Molly Porter is a junior at the University of Notre Dame studying Russian and the Program of Liberal Studies in the Glynn Family Honors Program. She plans on pursuing a career in academia, most likely in Russian literature.
This paper was published as part of Vestnik: The Journal of Russian and Asian Studies.
Rational Perversions of Love
in The Brothers Karamazov:
Spiritually Fruitless, yet Thematically Useful
By Molly Porter
In The Brothers Karamazov, Fyodor Dostoevsky spends countless pages elucidating his ideal of love. Among his many characters, he offers complex portraits of two intriguing individuals, whose love does not quite fit his definition of this ideal. The Grand Inquisitor and, by extension, his creator Ivan, are often seen as simply hyper-rational characters who reject God's love. However, this paper proposes that the Grand Inquisitor's scheme is actually an expression of active love, a principle that is highly extolled in the Christianity that he apparently rejects. Likewise, Ivan is also portrayed by Dostoevsky as a loving individual. Yet ultimately, in the context of the discussion of Christian love, Dostoevsky views both Ivan's and the Inquisitor's expressions of love as insufficient. They do not fulfill the Christian ideal of actively loving your neighbor in accordance with God's will. But these corrupted expressions of love have two important roles in the grand scheme of the novel: they allow Dostoevsky both to further define his ideal by small but sharp contrast and to show that all humans are capable of this active love.
Dostoevsky explicates his ideal throughout The Brothers Karamazov, manifesting it in the teachings and actions of Father Zosima. This Christian monk is consistently the most positive and mature character in the novel in both word and deed, constantly displaying the definition of Christian love as concisely explained by Christ multiple times in the Bible. For instance, in Matthew 2: 27-30, Jesus proclaims: "'Love the Lord your God with all your heart and with all your soul and with all your mind.' This is the first and greatest commandment. And the second is like it: 'Love your neighbor as yourself.' All the Law and the Prophets hang on these two commandments."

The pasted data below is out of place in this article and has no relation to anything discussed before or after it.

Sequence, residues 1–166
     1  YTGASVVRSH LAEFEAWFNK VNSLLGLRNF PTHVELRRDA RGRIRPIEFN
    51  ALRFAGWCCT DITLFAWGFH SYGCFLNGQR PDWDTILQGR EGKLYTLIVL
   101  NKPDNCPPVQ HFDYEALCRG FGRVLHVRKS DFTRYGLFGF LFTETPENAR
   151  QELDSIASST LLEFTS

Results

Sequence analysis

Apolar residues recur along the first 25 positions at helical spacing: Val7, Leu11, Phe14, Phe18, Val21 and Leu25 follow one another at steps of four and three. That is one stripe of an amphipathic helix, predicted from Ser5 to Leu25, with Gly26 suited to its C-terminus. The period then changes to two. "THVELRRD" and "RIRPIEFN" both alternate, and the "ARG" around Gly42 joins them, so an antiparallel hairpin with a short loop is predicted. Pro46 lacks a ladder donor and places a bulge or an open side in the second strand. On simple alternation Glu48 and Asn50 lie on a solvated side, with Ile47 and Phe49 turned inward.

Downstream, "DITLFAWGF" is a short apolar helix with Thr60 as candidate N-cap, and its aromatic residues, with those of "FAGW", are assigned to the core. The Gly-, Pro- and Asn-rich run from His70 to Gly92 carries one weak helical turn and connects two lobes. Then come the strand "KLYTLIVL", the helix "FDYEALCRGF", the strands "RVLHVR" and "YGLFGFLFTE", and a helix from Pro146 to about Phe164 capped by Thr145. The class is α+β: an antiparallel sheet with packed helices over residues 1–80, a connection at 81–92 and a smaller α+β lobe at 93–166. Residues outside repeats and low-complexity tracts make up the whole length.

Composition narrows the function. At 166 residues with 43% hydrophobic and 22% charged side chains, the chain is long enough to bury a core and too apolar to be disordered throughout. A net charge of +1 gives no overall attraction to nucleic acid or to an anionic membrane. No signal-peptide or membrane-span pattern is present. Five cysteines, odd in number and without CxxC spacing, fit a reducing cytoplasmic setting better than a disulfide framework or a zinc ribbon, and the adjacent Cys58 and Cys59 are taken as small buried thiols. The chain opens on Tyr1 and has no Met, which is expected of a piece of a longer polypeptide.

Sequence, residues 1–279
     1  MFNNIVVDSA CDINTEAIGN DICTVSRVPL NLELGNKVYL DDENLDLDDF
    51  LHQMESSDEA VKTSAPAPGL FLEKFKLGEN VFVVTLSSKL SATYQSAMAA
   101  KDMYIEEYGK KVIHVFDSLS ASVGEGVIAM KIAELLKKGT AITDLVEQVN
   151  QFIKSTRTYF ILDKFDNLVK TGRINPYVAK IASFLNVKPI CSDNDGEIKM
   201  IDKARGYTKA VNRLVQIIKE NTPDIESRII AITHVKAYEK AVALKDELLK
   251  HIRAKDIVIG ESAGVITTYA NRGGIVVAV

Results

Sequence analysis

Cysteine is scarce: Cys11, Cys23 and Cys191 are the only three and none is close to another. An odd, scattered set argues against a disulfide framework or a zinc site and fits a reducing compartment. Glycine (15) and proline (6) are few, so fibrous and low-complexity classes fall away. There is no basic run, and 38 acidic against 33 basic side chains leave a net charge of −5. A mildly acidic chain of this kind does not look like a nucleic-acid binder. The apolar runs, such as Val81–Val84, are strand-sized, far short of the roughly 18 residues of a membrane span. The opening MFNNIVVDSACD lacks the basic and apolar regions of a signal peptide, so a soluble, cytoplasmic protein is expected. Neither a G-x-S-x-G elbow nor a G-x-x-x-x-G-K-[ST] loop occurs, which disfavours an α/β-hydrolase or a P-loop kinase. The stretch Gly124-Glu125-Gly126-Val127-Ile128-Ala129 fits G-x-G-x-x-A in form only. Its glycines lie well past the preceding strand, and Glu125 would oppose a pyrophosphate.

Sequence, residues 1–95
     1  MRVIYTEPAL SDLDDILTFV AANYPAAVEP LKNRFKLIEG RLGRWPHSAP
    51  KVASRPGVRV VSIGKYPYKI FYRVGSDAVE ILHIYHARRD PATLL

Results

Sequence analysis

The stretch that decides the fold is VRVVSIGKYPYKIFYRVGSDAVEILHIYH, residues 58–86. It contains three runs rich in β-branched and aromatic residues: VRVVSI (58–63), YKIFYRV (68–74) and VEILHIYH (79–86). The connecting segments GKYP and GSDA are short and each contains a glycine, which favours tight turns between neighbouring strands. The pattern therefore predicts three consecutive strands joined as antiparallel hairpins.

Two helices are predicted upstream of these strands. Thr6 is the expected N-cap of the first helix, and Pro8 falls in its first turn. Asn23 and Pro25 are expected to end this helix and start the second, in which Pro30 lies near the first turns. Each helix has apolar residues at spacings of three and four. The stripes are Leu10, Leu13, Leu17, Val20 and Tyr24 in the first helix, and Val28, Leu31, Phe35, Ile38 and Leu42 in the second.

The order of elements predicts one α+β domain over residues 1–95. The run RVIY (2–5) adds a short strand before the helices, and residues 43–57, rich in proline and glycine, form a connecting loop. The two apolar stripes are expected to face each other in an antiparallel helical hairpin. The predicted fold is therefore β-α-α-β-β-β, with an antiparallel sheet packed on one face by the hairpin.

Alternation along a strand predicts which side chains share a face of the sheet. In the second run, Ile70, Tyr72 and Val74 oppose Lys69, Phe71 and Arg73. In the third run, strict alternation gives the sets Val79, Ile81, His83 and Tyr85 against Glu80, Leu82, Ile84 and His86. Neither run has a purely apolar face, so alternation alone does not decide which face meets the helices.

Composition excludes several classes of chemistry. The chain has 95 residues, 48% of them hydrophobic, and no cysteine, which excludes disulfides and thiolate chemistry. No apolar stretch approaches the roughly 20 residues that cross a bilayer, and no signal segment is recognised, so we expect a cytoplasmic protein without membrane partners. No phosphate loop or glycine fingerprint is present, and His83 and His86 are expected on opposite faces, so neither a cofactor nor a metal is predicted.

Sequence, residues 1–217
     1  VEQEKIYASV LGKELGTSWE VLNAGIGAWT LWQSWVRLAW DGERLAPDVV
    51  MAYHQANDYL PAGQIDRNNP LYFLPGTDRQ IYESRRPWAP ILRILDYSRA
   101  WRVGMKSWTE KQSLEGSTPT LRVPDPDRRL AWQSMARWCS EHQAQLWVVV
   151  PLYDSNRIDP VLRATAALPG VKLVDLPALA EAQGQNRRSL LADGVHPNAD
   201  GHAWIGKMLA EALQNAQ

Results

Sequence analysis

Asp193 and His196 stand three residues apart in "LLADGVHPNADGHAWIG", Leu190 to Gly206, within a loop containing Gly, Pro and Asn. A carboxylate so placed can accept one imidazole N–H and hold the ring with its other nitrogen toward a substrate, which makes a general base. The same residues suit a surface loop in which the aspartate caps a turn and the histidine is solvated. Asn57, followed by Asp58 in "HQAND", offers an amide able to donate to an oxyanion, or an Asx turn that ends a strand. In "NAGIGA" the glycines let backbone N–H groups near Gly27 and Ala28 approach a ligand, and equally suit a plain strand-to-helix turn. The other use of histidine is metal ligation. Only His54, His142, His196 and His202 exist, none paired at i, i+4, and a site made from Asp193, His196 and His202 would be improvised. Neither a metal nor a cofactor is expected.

Dostoevsky's views, as outlined in his nonfictional writings, show his devotion to Christ and the ideals expressed by Christ. Though Dostoevsky doubted Christianity early in life, his faith is later explicitly stated in an 1854 letter to Natalia Fonvizin: "I believe that there is nothing lovelier, deeper, more sympathetic, more rational, more manly and more perfect than the Savior;...If anyone could prove to me that Christ is outside the truth, and if the truth really did exclude Christ, I should prefer to stay with Christ and not the truth" (Dirscherl, 52).
Thus, this paper will consider Zosima's definition of love to be that of Dostoevsky's. As active love is a basic tenet of Christianity, Zosima naturally includes it in his teachings. Early in the novel, Zosima states that "the experience of active love" is to "strive to love your neighbor actively and indefatigably" (Dostoevsky 56). This echoes the teachings of Christ in the Bible.
Dostoevsky employs Ivan and the Grand Inquisitor to make an insightful contrast with his ideal of love. Dostoevsky clarifies his ideal by displaying two types of love that nearly approximate it. Ivan Karamazov has a loving nature, but does not act upon his compassionate impulses. The Grand Inquisitor also possesses this disposition, but acts upon it in the wrong way. Both men serve as a challenge to Christian love, a challenge that complicates and ultimately strengthens Dostoevsky's argument for it. With these two near-manifestations of love, Dostoevsky reinforces that his ideal must be both actively and correctly pursued.